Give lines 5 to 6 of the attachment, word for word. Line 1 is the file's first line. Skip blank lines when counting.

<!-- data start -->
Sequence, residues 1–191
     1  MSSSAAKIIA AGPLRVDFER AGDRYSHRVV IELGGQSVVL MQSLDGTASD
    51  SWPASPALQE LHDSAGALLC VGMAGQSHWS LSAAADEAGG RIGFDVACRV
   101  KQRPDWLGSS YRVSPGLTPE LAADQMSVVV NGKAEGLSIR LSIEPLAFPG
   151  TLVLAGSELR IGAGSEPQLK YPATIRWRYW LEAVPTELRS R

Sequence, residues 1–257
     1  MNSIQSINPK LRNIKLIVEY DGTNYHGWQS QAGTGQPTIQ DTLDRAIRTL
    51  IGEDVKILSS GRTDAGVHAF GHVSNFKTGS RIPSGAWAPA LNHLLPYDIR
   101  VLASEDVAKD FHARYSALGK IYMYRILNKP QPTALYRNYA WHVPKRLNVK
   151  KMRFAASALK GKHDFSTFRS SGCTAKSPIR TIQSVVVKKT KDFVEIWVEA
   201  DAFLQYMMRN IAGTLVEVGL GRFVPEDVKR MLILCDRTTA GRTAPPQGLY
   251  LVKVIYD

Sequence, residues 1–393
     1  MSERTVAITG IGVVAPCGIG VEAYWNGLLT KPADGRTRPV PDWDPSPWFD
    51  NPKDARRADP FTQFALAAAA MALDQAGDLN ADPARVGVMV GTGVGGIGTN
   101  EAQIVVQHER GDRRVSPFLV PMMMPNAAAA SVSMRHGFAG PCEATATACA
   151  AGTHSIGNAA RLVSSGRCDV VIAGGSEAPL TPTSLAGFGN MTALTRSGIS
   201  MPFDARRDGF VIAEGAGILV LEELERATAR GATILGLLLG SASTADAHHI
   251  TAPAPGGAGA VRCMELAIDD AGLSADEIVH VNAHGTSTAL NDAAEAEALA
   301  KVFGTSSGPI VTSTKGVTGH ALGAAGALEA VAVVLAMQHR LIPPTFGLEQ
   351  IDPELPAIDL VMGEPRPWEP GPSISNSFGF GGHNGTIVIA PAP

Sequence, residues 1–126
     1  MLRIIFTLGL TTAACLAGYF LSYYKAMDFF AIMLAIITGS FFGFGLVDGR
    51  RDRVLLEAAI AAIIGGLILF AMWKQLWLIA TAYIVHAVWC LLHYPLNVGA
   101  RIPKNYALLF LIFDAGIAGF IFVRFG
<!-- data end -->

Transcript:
   151  TLVLAGSELR IGAGSEPQLK YPATIRWRYW LEAVPTELRS R

Sequence, residues 1–257